Cisco Promotes North American Channel Chief4:13 PM EST Fri. Jan. 30, 2009
Cisco Systems is drawing a line in the sand and showing that it recognizes the importance of the channel and will rely on and invest in it even more throughout this period of economic uncertainty.
Case in point: The networking giant recently promoted its North American channel chief, Wendy Bahr, making her a senior vice president of U.S. and Canada channels. The promotion comes roughly a year after Bahr was named vice president of U.S. and Canada channels, a position she filled in January 2008 after it was vacated by Chuck Robins. Bahr is the first woman to hold the North American channel chief post at Cisco.
Throughout her nearly eight-year career at Cisco, which she joined on the sales side before jumping in the channel four years ago, Bahr has had a hand in growing Cisco into a company where roughly 80 percent of products and services go through the channel. Before taking on the role of North American channel chief, Bahr spent two years as vice president of U.S. field channels for Cisco. Previously, she was Cisco's vice president of U.S. commercial sales, leading the vendor's U.S. SMB channel business.
Before joining Cisco's channel team, Bahr spent about five years as an operations director within Cisco's field organization. Prior to Cisco, Bahr spent 10 years with Verizon, most recently as sales director for its enterprise sales group.
"What a wonderful opportunity for me to grow my own personal career and a wonderful opportunity to expand my experience," she said, adding that shifting to the channel helped her learn more about the company.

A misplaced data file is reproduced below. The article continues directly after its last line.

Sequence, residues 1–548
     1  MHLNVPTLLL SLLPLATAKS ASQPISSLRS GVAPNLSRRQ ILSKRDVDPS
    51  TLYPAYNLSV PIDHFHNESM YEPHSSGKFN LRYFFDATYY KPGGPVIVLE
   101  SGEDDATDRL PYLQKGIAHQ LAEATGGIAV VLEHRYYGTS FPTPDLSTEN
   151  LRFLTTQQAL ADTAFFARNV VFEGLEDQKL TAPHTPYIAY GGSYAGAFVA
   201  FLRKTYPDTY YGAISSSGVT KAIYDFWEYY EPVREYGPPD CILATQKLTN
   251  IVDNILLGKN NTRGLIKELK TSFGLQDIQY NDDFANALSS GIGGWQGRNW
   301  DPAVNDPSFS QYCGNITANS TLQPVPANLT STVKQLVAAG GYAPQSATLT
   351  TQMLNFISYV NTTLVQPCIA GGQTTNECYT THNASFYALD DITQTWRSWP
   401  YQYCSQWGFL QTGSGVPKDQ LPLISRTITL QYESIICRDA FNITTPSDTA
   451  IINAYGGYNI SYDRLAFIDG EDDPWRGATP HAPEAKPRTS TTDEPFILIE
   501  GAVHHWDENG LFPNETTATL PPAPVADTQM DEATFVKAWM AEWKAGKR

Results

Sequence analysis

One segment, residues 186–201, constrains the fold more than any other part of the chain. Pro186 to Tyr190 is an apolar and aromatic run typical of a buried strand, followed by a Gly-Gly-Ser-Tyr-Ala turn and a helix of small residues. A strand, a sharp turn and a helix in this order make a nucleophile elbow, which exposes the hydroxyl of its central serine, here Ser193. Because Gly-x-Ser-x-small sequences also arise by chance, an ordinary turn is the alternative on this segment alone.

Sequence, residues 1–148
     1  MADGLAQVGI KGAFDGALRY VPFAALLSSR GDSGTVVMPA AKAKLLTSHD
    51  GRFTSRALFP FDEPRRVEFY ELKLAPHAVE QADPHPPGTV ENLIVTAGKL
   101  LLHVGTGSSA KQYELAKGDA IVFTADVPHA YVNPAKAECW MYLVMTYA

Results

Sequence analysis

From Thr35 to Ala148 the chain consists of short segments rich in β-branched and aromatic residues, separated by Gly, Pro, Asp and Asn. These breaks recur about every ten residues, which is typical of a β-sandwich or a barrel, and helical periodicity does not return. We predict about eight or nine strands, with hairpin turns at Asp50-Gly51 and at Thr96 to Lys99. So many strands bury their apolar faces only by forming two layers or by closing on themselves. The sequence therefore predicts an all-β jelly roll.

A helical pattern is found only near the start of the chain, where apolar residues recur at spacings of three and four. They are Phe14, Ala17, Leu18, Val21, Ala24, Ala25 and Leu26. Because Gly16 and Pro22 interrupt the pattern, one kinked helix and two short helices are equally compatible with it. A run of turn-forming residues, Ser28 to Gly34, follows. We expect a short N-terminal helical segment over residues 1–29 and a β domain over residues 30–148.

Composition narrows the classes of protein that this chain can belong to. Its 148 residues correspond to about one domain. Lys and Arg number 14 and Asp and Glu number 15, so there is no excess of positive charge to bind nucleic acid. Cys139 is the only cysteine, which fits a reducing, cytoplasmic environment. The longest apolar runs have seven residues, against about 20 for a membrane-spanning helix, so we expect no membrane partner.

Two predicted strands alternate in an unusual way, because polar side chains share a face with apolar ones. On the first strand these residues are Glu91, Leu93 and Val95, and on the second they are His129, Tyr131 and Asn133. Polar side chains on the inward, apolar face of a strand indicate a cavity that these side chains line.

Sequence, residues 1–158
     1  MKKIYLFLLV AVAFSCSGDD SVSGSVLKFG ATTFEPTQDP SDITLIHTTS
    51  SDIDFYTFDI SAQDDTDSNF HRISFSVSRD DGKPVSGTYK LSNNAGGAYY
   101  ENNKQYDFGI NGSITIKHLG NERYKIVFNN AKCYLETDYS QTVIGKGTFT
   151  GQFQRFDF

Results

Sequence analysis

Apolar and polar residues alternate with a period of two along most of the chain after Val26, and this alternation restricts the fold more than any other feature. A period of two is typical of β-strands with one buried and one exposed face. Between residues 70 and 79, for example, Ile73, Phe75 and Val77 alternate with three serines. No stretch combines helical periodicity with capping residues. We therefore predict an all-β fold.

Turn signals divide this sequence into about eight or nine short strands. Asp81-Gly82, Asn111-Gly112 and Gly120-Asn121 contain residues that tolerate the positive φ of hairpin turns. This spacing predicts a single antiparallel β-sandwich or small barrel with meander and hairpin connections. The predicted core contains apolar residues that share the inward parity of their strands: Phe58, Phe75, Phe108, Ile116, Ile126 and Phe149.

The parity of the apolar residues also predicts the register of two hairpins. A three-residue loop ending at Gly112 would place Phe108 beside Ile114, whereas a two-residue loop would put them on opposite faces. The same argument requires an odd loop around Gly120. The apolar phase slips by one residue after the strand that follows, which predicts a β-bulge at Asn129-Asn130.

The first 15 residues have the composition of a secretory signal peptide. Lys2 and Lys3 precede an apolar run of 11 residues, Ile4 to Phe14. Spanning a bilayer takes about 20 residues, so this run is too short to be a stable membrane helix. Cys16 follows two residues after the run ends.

Since taking the lead of U.S. and Canada channels, Bahr has worked diligently to protect the delicate and complex balance between direct and channel sales and foster a strong level of communication, while also working to understand the impact of the channel on Cisco as a whole.
"Our partners' success is Cisco's success," Bahr said.
In her new role, Bahr has vowed to continue keeping an eye on partner profitability and to reward partners' investments in value-add, while also ensuring that channel partner programs and their execution are designed for mutual success.
Bahr has consistently maintained an open, two-way dialogue with partners and has created flexible programs that morph to partners' needs. That was evidenced by Cisco's 2007 launch of its Select certification for SMB partners, a level between Registered and Premier that is now 2,000 members strong and a certification in which Bahr played a strong role in getting off the ground.
"There did seem to be a growing need for specifications and certifications in the SMB market," she said. "This offers a new route to market."
Bahr was also instrumental in launching Cisco's Virtual Channel Advisory Board, a group that meets via Cisco TelePresence to hash out issues and concerns without requiring board members to eat the expense of travel and time spent on the road.
Bahr is also working toward building a more scalable and collaborative channel, where partners work together across their core competencies to score bigger deals. The collaborative channel initiative, she said, will continue well into 2009 and beyond to help Cisco's channel and sales teams work closely with solution providers.
"My vision moving forward is a more collaborative channel; take it broader," she said, adding that Cisco is working to foster Cisco-to-partner, partner-to-customer and partner-to-partner relationships.
And while Bahr's title implies that she works only in the U.S. and Canada, she said that in her new role she will work closely with the global channel team.
"I'll continue to represent partners' needs and growth opportunities and become more engaged from a global perspective," she said. "As the world continues to flatten and the multinational opportunities continue for partners we want to make sure to promote a global effort."
Bahr said the promotion is still sinking in and she looks forward to further broadening her channel horizons.
"We have a very robust, complex channel, and that's what makes it fun and exciting," she said.